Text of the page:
Strategy is not a linear, two-step process, It is interconnected, iterative, and intertwined says Ricardo Viana Vargas
Ricardo Viana Vargas is the Executive Director of the Brightline Initiative ™. Over the past 20 years, he has been responsible for more than 80 major transformation projects in several countries, covering an investment portfolio of over 20 billion USD.Ricardo has written fifteen books on the subject of project management, and also host one of the most relevant podcasts in the field, the 5 Minutes PM Podcast, with more than 4 million views.
Ricardo is speaking on the Business Agility Day at #AgileIndia2018. His session is titled “Connecting Strategy Design and Delivery: Closing the Expensive Implementation Gap”
To hear Ricardo live, register for the conference here.
In this interview, Ricardo shares his views on Strategy implementation and the role of Business Agility in it.
What, in your experience, is the state of strategy implementation in organizations worldwide?
Research indicates that a lot of work has been done towards identifying and defining the best strategy possible for a particular organization. In my experience working and talking with senior leaders, there is a common understanding that having a perfectly designed strategy won’t be enough to deliver great results. Organizations need to invest in the development of their strategy delivery capabilities.
Developing the right delivery capabilities is among the top priorities for senior leaders across the globe. Why? Simply, an enormous amount of value is wasted because of the poor implementation of projects. And there is no sign of improvement. A 2013 Economist Intelligence Unit (EIU) study revealed that 61 percent of senior leaders admitted their organizations were struggling to bridge the strategy-implementation gap. A recent Brightline Initiative survey, conducted by the EIU (2017), found that 59 percent of participants said their organizations were struggling to close the strategy-implementation gap. In this same survey, 53 percent of the participants agreed that their weakness in delivering strategy puts them at a competitive disadvantage.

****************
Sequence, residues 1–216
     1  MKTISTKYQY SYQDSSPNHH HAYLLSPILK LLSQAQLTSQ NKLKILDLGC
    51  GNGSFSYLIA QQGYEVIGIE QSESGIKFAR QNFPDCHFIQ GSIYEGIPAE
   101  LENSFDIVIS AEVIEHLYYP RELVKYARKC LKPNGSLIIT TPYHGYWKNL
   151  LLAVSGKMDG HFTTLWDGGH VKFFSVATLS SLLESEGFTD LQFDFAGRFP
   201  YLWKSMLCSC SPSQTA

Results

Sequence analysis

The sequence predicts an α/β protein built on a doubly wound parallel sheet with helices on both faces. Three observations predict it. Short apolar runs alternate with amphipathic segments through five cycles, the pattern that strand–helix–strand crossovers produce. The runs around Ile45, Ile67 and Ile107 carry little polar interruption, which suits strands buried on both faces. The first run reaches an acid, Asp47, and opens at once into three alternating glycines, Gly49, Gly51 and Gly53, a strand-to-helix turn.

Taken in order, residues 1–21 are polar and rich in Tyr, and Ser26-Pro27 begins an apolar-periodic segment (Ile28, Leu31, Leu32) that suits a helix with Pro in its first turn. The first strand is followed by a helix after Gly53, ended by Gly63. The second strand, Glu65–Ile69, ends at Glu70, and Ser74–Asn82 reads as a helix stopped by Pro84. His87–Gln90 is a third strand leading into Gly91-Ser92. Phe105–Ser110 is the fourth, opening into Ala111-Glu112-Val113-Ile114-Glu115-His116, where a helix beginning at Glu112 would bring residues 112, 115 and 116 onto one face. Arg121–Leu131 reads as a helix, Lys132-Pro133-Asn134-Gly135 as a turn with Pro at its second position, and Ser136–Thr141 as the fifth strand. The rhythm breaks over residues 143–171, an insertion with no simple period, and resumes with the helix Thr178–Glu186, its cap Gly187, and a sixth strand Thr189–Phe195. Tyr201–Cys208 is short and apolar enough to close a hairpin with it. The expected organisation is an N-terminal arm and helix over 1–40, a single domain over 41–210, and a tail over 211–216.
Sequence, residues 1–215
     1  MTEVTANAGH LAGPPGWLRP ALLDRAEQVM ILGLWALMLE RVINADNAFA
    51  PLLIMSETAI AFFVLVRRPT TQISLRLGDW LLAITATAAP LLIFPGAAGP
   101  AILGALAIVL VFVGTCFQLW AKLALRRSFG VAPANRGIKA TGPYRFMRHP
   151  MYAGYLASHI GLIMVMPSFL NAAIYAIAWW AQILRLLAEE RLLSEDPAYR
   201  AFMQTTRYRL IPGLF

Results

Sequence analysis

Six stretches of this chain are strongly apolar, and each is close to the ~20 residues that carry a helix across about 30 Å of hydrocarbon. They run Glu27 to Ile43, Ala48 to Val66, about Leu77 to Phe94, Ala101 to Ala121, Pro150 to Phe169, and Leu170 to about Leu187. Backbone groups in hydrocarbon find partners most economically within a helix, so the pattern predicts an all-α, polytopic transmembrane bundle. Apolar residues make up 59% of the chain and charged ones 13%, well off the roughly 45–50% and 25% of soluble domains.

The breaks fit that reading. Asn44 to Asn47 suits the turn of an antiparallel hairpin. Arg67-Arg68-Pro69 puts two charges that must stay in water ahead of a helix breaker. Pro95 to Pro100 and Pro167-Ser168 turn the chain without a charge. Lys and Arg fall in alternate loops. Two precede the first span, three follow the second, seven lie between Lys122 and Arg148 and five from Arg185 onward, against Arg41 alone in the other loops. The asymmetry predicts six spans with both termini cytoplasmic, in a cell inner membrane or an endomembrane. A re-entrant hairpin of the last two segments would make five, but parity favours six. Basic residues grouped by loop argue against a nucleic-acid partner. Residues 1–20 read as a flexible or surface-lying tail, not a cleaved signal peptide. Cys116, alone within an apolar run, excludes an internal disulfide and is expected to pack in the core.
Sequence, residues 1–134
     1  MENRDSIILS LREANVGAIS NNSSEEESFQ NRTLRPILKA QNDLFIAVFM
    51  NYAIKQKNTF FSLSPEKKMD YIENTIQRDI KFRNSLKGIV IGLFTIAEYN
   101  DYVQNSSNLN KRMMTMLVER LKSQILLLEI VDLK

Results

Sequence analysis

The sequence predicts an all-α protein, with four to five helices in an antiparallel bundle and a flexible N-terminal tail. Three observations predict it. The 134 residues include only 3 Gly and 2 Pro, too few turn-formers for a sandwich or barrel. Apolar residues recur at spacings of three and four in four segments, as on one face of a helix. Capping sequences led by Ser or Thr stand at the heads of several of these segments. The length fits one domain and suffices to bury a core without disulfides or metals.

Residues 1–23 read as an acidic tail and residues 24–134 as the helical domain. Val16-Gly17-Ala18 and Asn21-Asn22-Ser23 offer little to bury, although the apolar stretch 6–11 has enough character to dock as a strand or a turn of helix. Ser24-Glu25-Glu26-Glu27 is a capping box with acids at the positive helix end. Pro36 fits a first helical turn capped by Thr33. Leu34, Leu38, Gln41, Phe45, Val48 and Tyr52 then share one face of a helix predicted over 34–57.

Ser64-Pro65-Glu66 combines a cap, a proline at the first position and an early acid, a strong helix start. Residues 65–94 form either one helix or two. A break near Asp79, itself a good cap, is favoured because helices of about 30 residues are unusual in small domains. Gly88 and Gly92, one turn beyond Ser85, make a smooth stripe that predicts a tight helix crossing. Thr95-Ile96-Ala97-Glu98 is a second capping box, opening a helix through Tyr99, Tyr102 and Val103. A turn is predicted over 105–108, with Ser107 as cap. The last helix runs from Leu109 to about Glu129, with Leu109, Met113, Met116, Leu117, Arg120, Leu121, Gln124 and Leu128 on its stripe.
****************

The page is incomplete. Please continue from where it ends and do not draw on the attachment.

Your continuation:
To add some perspective, the Pulse of the Profession report published by the Project Management Institute this year indicates that for every dollar invested in strategic projects, an average of nearly 10 percent is wasted due to poor performance. If you extrapolate this percentage and apply it to global capital investments, roughly $1 million every 20 seconds is wasted. It is a scary number that requires us to take immediate action.
What are some of the reasons for the gap that exists between strategy design and strategy delivery?
Business leaders are often more concerned with finding the right strategy and then developing beautiful and polished business plans. Adapting the famous saying by Peter Drucker, we would say that, when the rubber meets the road, implementation challenges eat your strategy for breakfast. Organizational culture is part of the implementation challenge.
There are many implementation challenges that keep senior leaders awake at night. The Brightline survey (EIU, 2017) identified some of the leading challenges:
- Cultural attitudes
- Insufficient or poorly managed resources
- Insufficient agility
- External developments
- Strategy not understood or poorly communicated
- Poor coordination across the organization.
No matter how brilliant your strategy is, as a leader, you need to pay attention to these challenges if you want to successfully implement the strategies.
These facts clearly reflect what we have seen in organizations recently and how the discipline of strategy has evolved. While a great deal of valuable content is published on strategy development and strategy implementation, there is a disparity in terms of focus and priority in organizations today and an imbalance in the attention from academics and practitioners on strategy implementation.
What can business leaders do to successfully deliver their strategic objectives?